Palestinian Authority | KBIA

Palestinian Authority

European Pressphoto Agency

Later this year, Israeli Prime Minister Benjamin Netanyahu is set to become Israel’s longest-serving prime minister in its 71-year existence. To reach that mark, both he and his right-wing Likud party will need a strong showing in elections April 9.

Polls show that Netanyahu, who was prime minister for three years in the 1990s and has held the office since 2009, is locked in a close race with former general Benny Gantz and the opposition Blue and White alliance. 

But Netanyahu isn’t just fighting for his political life, he’s also fighting for his freedom. That’s because Israel’s attorney general has said he plans to indict Netanyahu on criminal charges stemming from three separate corruption investigations after the election.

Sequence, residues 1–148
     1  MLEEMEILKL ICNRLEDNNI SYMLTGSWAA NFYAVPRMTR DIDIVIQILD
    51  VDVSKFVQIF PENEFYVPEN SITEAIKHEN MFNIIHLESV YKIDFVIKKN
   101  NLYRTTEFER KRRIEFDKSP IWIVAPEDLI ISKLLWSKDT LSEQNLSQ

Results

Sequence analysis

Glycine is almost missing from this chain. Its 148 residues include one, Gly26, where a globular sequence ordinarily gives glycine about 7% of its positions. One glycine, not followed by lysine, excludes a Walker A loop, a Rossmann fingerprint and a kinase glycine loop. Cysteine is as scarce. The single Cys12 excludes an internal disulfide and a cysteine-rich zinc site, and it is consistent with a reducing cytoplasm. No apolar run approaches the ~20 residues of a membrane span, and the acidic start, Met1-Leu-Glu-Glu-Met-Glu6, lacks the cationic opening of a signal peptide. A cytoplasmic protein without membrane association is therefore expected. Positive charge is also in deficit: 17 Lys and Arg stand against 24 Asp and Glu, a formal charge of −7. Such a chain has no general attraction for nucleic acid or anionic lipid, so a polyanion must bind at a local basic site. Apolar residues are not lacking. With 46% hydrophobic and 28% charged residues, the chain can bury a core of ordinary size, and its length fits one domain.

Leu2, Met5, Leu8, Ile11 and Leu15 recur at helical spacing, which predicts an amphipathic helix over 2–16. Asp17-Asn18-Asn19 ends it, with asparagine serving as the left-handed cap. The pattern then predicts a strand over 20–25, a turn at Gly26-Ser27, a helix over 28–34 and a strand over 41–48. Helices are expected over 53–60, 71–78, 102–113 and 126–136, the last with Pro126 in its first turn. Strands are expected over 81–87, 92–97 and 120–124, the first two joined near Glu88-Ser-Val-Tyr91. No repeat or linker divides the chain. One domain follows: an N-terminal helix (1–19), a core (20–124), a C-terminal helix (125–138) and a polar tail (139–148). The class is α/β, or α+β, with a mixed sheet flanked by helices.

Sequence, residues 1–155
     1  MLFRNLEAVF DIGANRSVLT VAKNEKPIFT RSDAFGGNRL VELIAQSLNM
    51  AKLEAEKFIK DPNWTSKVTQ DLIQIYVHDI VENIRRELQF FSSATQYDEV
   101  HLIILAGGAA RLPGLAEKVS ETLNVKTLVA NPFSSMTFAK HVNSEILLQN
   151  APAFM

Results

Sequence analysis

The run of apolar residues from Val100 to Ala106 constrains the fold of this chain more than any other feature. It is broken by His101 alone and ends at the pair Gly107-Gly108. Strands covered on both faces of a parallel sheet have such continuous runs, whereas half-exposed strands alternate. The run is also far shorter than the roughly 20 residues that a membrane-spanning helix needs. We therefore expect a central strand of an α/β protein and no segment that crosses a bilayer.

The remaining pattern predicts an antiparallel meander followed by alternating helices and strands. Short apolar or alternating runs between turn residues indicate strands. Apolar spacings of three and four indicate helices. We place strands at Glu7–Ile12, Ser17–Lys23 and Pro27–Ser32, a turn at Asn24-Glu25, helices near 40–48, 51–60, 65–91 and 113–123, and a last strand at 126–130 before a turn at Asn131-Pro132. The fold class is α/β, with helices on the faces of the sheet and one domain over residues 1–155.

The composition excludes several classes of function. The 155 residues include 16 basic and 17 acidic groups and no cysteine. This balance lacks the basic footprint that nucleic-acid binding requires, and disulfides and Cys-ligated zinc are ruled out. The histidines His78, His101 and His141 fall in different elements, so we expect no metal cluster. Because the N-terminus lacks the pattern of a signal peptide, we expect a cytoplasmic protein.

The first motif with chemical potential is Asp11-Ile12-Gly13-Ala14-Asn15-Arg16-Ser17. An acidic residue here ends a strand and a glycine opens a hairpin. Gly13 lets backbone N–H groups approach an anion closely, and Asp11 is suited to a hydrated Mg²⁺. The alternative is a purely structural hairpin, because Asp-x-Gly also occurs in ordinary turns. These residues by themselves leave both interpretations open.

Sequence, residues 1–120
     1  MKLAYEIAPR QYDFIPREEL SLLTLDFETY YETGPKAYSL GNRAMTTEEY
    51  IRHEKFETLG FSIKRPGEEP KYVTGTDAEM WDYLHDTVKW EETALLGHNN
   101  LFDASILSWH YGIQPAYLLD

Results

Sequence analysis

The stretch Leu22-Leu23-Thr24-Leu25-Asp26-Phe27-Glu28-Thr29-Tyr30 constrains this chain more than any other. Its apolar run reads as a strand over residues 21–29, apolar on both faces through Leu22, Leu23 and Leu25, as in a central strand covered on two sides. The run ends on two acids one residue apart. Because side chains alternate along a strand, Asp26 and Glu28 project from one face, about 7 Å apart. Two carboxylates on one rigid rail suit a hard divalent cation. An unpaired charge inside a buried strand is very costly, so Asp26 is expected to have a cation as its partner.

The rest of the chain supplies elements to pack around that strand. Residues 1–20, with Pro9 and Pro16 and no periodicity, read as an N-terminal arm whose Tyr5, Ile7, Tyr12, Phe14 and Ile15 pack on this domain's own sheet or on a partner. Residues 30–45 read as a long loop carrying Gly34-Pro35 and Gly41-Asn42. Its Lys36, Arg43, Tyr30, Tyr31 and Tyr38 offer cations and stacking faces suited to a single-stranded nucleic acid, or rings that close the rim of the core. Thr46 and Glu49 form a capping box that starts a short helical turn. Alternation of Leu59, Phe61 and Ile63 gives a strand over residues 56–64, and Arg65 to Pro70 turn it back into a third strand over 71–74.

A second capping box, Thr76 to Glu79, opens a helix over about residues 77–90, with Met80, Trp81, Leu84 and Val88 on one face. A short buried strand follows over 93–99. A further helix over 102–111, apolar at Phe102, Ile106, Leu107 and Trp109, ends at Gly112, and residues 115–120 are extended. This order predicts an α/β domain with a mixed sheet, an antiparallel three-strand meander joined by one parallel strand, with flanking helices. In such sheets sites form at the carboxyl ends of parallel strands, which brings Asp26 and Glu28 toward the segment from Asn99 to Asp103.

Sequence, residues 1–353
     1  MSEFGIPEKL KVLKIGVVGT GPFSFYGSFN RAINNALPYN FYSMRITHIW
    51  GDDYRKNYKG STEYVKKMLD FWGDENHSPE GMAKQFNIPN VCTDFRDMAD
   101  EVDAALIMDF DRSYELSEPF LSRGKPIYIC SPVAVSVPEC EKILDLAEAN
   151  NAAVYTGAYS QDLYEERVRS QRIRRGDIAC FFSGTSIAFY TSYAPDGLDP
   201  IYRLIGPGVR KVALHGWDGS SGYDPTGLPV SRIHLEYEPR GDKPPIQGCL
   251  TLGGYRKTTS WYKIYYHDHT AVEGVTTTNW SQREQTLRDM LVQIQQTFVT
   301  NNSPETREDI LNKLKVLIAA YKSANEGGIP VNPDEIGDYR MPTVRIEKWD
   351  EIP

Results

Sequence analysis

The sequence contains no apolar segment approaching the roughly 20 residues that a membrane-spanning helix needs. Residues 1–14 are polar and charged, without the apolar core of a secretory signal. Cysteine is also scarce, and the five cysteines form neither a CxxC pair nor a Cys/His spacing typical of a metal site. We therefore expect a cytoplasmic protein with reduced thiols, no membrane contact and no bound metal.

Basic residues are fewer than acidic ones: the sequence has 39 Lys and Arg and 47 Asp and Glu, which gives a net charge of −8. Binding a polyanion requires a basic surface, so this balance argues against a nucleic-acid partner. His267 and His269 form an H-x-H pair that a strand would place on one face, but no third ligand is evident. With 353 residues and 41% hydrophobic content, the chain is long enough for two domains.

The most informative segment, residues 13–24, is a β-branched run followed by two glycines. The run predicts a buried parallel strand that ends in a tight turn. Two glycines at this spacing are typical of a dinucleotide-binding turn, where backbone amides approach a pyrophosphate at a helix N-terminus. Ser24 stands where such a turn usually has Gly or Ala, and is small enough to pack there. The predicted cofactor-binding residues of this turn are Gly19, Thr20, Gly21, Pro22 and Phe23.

On this edition of Global Journalist, an in-depth look at the political legacy one of Israel’s most influential and polarizing leaders, and his prospects in a tight campaign.  


AP

It’s said that truth is often the first casualty in war. And for media in the Palestinian territories–where conflict has been the norm for more than six decades– giving the public an accurate picture of the news is a huge challenge.

In Gaza, where Hamas rules, Palestinian journalists must toe the line or face consequences. In the West Bank, governed by the Fatah-dominated Palestinian Authority, reporters can face criminal charges for covering corruption or criticizing officials.

Meanwhile Israeli forces have become increasingly aggressive towards Palestinian journalists, sometimes placing them in indefinite "administrative detention" without trial.